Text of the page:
Of course my cost to go from my Yamaha RX-V2095 5.1 sound, to my Denon AVR-3803's 7.1 sound was less than what you considering.

    I'd say go with direct, monopole speakers. Even THX has now stated that direct firing speakers for the back surround channels have advantages. Myself, I'm not for THX or dipole speakers because I don't want my home theater to sound fuzzy and diffused like a professional theater, I want it to sound distinct, discrete, and BETTER than a professional theater. Just my opinion.[​IMG] Funny, every time I go to a DTS or DD show with friends, they always ask, " Is this surround sound? It doesn't sound nearly as good as your theater." [​IMG]

    Go 7.1.[​IMG]
     
  9. Mathew Shelby

    Mathew Shelby Second Unit

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  10. Vincent_S

    Vincent_S Second Unit

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    If you do you won't regret it[​IMG]
     
  11. Todd_RIC

    Todd_RIC Stunt Coordinator

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    Thanks for all the input guys... It looks like I'll take the plunge and go 7.1. My only question left is the processor. I need 200wpc to fuel the Paradigms I plan on getting... which means an amp. I'll probably go with the Outlaw 770 (200wpc X 7). For a processor, I could either use a Denon 2803 ($800), an HK 325 ($800), or a Outlaw 950 ($700 when purchased in a bundle with the amp) for processing. The Denon has 7.1 pre-outs and 100Mhz bandwidth for component video switching, but doesn't offer a 7.1 processing format (only offers DTS Neo 6). Same story with the Outlaw but I'm not sure of the bandwidth on this unit and I've read alot about some quality problems with this processor. The HK offers 7.1 pre-outs, Logic 7, and a 50Mhz bandwidth... I have to do more research to find out if that is enough bandwidth to handle HDTV. The bandwidth issue will probably be a moot point anyway as the projector I'm now leaning towards (NEC HT1000) has multiple component inputs so I would just bypass the processor anyway.

    Another issue is the ADPs. I'm thinking right now that I'll just use Studio 20s as surrounds instead of the ADPs. $300 less per pair, that would save me $600. Here's the 7.1 system:

    Display: NEC HT1000 $5,000
    Processor: HK 325/Denon 2803 $800
    Amp: Outlaw 770 $1,800
    Speakers (front): Paradigm Studio 100s $1,900
    Speakers (center): Paradigm Studio 100 $950
    Speakers (surround): Paradigm Studio 20s (two pair) $1,200
    Speakers (sub): Paradigm Servo-15 $1,500
    DVD Player: Denon 1600 $500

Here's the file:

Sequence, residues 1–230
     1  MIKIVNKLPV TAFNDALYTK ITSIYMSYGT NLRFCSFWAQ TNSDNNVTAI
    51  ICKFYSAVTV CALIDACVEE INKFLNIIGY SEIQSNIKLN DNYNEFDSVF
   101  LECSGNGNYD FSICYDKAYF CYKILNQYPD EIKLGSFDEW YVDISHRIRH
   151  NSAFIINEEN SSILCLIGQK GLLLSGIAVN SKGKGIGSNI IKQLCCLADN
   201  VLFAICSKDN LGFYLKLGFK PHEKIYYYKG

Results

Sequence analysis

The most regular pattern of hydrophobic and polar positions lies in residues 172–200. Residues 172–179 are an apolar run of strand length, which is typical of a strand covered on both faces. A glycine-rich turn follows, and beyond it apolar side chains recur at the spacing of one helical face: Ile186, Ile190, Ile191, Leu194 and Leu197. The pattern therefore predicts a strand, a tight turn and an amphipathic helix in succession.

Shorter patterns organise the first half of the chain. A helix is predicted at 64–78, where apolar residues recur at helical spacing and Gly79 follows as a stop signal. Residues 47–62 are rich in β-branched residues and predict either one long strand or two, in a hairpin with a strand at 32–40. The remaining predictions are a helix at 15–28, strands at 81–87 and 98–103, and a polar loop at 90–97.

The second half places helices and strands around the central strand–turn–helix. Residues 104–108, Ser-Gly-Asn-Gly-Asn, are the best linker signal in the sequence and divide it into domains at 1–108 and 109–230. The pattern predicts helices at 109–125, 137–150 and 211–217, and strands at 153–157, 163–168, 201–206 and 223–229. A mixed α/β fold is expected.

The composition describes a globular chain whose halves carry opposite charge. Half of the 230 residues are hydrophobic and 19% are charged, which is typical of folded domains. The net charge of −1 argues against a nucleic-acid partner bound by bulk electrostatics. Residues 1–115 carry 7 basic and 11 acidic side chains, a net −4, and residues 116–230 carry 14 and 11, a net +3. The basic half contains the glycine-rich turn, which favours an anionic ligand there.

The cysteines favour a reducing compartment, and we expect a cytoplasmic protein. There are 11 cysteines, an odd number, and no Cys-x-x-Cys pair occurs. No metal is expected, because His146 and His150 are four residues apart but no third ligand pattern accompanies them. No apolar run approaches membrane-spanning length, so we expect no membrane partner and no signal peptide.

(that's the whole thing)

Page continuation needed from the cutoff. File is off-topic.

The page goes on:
Total: $13,650

    I've also got to buy a screen and cables... plus the HT furniture that my wife is really high on (she says I don't have to include the furniture cost in the budget ;-), so I think I could squeeze a 7.1 system with everything else into a $15K budget. Looks like I'll go that direction. Thanks for all the inputs... if you have opinions regarding the processor, please let me know...
     
  12. Mike Up

    Mike Up Second Unit

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    Denon's Widescreen DSP is their 7.1 format, as Harman international's is Logic 7.

    Have a good one.
     
  13. Todd_RIC

    Todd_RIC Stunt Coordinator

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    Thanks... I didn't realize that. It looks like all three options offer some form of 7.1 processing. Thanks again...
     
  14. Alex Prosak

    Alex Prosak Supporting Actor

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    I'm not familiar with the new 2803, does it have the SHARC processors? If not, I'd seriously consider going with the 3803 instead, it would certainly be more in line with the rest of your proposed system.

    The Outlaw 950 has a component video bandwidth of 45MHz which I believe is the minimum for component video. I recently got a 950 and thus far I'm very happy with it, I think it sounds great. I'm not passing any video through it. If I hadn't bought the Outlaw I'd have bought a 3803 and a Musical Fidelity integrated amp for 2CH listening.

    Enjoy! Sounds like you'll be getting a very nice HT.[​IMG]

    Alex
     
  15. Todd_RIC

    Todd_RIC Stunt Coordinator

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    Alex, thanks. Yes, the 2803 does have the SHARC processors.

    Like I said earlier, I'll probably by-pass the video connections anyway. If I had to make a decision right now, I'd probably go with the Outlaw... tough to beat at this price point.
     
  16. Brian Schucher

    Brian Schucher Supporting Actor

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    Ive got the 770 amp which i like VERy much. It is a beast though. IMHO, you cannot go wrong with the price of the 950 as a package. I had the 950 but sold it. I went with a used Lexicon DC2 for L7(which i just love) but i did pay twice the amount you would have to pay for the 950 as a package..
     
  17. Todd_RIC

    Todd_RIC Stunt Coordinator

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    Well, I think I've pretty well decided to go with the Outlaw 950/770 package. The only thing I've got left to decide now is the center channel speaker... a Paradigm Studio 100 on its side, a Studio 40 standing vertically, or a Studio CC. I'm gonna audition all three different set-ups and decide which way to go. Thanks to everyone for their comments.